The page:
Once a year, we open our house and grounds to the public to benefit The Kings River Conservancy (www.kingsriverconservancy.org), whose mission is to get people off their screens and their couches and out of their hectic live and into Nature. To that end the non-profit works to provide safe, clean, legal access to the Kings River which originates in Kings Canyon National Park and flows past The Lapp RiverHouse through Fresno and Kings Counties. We have a couple bands, a barbeque and beer, wine, and soda for sale down on the lawn, and kayaking safety paddle demonstrations, fly fishing demos, sometimes we have plein air painters and fishermen tying flies. Babies dance, people chill, some wander up to the overlook to see the wildflowers; the sheep and llamas get a lot of attention. And every hour or so, I lead a tour of Arthur Dyson’s Lapp RiverHouse.
I announce it from the band’s microphone, and we convene on the lawn and circle our way around the house to the front while explain that this is the second Arthur Dyson home I’ve built. I tell about the Lencioni Residence I built with my late husband Dennis Lencioni when I was in my 20s, and that when I married Greg he came with a 1901 Steinway grand piano which took most of the little “great room” in that house. It was a new chapter anyhow: a new husband requires a new Dyson house 🙂I explain that the fountain cancels out the morning and evening commuter traffic from the community just above us (Wonder Valley), and it suggests the river’s sound even if the river is cool and quiet as it glides past our home. People ask about the black steel beams which are aesthetic, not structural, and the grand glu-lams that support the entire roof and arrived in three segments each–the center segment was placed last like a keystone.People are amazed that the pivot door, featured in many of Dyson’s homes, swings so easily. I explain how the house, only 2,000 square feet, uses each room, but especially the great room, for multiple purposes. The sitting area becomes “Yoga-by-the-River” (one of the auction items on the table by the bar), the library nook is my office, and the table can slide over as a buffet and allow 50 seats for a concert. The dining table can range diagonally to seat a crowd.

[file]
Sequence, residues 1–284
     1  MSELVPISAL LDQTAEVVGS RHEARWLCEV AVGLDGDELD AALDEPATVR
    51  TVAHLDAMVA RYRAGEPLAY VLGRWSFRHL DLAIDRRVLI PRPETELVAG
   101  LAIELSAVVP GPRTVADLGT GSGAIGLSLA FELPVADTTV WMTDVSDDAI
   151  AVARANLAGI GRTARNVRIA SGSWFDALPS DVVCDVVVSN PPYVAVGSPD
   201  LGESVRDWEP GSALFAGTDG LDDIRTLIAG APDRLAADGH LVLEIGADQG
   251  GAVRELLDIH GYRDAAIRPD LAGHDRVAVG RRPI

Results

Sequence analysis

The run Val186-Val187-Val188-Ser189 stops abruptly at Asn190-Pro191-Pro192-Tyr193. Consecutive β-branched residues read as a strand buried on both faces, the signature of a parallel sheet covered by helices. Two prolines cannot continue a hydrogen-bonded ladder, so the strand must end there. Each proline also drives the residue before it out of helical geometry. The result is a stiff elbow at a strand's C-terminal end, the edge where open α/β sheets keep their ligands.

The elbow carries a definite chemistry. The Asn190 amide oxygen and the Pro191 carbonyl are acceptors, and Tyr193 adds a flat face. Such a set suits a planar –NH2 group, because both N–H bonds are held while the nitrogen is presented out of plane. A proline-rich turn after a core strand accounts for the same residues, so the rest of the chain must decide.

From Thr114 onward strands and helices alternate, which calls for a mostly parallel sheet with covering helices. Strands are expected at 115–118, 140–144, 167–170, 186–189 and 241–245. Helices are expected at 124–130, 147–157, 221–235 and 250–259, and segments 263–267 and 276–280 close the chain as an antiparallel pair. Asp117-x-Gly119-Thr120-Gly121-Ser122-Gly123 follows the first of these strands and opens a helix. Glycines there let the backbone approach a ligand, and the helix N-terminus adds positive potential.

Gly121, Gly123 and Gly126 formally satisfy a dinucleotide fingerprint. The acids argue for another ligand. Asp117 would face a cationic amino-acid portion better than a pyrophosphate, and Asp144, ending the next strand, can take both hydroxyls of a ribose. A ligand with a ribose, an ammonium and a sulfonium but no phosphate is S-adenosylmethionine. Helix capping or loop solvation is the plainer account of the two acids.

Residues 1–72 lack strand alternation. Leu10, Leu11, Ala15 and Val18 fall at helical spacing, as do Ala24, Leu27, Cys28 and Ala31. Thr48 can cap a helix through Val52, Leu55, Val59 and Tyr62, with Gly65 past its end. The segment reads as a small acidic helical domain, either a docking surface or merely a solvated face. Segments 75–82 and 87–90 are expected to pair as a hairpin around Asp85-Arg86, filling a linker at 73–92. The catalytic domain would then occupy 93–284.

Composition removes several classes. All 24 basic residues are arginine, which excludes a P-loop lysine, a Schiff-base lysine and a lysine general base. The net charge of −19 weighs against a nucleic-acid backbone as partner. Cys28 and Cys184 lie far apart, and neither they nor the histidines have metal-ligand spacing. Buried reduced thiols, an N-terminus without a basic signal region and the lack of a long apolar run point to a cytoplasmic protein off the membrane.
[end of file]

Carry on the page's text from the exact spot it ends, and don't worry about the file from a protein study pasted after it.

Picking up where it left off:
Most appreciate the sparse decor featuring local rocks, plants and feathers. I have to convince people that we manage in the Central Valley without air conditioning (it can range over 100 dry degrees for several days in summer), but the overhang, the breeze, the fans, and the pool for that one hour when the sun pries its way between the overhang and the sycamore.
We backtrack and go through the laundry room–I make the point about almost every wall doubling as storage, necessary for an open-plan home–and out through the carport, which, unlike a garage, presents no opportunities to collect detritus in the corners (we have a barn for that :)).